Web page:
Latest Legal News: The New Face of the Second Amendment
When the Supreme Court decides a seminal case, the name of the lead plaintiff becomes part of our language, our national history: Think "Miranda" or "Brown." Well, a landmark gun rights case with four plaintiffs is pending: McDonald v. City of Chicago. When Otis McDonald, the only African-American of the four, was picked to be lead plaintiff, he joked, "Is it just because I'm the only black?"
Though the lawyer's answer isn't on record, it was likely yes. The key issue in the case is whether the Second Amendment applies to the individual states; if it does, it's because of the 14th Amendment, passed after the Civil War to prevent states from infringing the rights of the newly freed slaves. Deciding another recent landmark gun case, Justice Antonin Scalia cited that history.
Admittedly, McDonald is a sympathetic plaintiff for other reasons; he's 76, he's a Democrat, and he clearly wants his handgun for self-defense: He wants to keep it by his bed in case the gang members in his Chicago neighborhood break in. In all these dimensions, McDonald is different from the classic picture of an gun owner -- white, middle-aged, middle class, suburban or rural -- and could not get further from the classically unsympathetic Montana militiamen so many people associate with gun rights.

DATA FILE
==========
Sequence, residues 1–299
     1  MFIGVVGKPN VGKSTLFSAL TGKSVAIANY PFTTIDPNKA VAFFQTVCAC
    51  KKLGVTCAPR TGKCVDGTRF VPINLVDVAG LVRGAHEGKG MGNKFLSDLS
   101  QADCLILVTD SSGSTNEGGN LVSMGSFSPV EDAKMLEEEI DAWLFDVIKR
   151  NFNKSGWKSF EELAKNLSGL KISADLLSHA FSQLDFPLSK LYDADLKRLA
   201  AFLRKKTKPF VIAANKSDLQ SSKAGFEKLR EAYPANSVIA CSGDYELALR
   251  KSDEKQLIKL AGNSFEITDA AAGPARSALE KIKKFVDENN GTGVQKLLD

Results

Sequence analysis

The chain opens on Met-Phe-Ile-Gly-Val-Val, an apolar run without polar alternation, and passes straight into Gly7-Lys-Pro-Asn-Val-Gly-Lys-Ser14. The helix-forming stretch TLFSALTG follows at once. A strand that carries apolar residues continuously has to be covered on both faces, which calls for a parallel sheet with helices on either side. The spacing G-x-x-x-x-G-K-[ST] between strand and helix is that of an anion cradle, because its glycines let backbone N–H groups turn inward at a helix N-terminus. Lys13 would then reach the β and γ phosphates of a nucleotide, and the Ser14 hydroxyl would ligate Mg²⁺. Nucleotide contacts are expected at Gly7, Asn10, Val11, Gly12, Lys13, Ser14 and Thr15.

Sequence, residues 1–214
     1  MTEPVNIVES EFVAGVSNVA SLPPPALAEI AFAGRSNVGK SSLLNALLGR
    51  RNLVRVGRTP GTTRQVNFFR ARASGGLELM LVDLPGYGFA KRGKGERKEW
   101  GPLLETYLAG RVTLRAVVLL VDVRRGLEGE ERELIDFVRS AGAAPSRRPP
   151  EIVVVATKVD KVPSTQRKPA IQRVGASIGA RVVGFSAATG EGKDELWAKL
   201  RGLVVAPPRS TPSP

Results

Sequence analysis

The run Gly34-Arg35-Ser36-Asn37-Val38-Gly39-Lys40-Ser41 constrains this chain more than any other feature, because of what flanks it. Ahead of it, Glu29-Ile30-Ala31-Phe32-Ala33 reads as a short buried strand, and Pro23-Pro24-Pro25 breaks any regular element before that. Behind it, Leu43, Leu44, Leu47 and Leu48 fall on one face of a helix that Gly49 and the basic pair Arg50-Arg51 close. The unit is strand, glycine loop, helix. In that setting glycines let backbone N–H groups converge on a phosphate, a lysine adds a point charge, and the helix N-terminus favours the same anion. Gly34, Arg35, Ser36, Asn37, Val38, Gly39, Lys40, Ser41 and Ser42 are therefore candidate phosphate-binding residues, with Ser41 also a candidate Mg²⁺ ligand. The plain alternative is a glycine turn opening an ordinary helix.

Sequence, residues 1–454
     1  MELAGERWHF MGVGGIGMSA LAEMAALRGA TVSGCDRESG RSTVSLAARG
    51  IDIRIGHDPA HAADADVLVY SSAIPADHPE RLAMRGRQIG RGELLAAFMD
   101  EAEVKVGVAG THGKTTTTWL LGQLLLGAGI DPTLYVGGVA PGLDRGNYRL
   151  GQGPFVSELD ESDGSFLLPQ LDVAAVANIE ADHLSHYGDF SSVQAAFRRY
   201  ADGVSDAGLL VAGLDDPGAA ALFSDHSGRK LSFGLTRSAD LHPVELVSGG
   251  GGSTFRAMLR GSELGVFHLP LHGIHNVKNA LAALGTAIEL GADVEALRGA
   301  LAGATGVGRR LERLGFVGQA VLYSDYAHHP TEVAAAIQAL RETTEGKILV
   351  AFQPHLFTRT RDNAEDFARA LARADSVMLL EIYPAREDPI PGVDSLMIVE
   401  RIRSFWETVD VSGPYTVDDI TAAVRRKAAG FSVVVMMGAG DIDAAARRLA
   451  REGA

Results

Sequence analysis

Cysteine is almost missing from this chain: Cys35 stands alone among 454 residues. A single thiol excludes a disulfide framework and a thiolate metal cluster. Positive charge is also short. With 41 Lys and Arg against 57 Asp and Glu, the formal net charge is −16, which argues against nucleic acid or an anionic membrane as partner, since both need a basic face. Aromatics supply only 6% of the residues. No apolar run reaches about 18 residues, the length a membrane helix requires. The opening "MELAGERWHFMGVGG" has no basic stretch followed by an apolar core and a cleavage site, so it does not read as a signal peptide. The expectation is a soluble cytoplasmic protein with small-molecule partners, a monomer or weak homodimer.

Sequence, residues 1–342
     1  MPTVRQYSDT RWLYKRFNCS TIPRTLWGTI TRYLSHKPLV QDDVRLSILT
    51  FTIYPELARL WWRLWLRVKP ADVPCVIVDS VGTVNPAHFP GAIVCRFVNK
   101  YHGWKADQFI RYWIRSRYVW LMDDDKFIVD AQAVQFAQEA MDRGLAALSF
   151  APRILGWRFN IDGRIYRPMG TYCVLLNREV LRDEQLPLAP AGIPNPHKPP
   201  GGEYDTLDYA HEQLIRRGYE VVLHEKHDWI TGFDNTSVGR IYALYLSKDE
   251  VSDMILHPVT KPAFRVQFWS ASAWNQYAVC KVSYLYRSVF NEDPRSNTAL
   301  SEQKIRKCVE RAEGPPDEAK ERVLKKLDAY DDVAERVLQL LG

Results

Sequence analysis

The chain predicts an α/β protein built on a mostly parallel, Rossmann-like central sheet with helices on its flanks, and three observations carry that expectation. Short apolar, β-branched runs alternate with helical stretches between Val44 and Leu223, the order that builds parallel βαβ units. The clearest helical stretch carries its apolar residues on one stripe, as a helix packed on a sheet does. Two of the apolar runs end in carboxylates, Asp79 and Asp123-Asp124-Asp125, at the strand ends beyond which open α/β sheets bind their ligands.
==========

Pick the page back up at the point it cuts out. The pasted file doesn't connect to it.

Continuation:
Choosing a sympathetic plaintiff as the poster child/named plaintiff in a case is a legal strategy pioneered by the NAACP: As a landmark case builds towards a decision, the media frenzy frames the issue in the public eye through that lead plaintiff's story. And it seems the new face of the Second Amendment is going to be Otis McDonald's.
Partners on the Move: The Great Recession Shakes Up the Big Firms.
Since the recession hit, unusually high numbers of partners at big law firms have switched firms or left to start their own, according to American Lawyer's 2010 Lateral Report. In the 12 months following Oct. 1, 2008, four firms dissolved, dumping their entire partnerships on the market. Many other firms saw partners jump ship, or pushed out less desirable partners -- 17 firms lost 20 or more partners. Some firms gobbled up the newly mobile: Excluding law firm mergers, 10 firms picked up forty or more partners, topped by Greenberg Traurig, which picked up 66. Partners who left to set up their own firms said that they'd improved their quality of life while ditching big firm overhead, allowing them to give more value to their clients, an advantage during the recession.
Speaking of partner departures, the bleeding at White & Case doesn't stop. On Sunday, I noted that four partners had just left. On Monday Legal Week reported that eight more partners are headed out the door.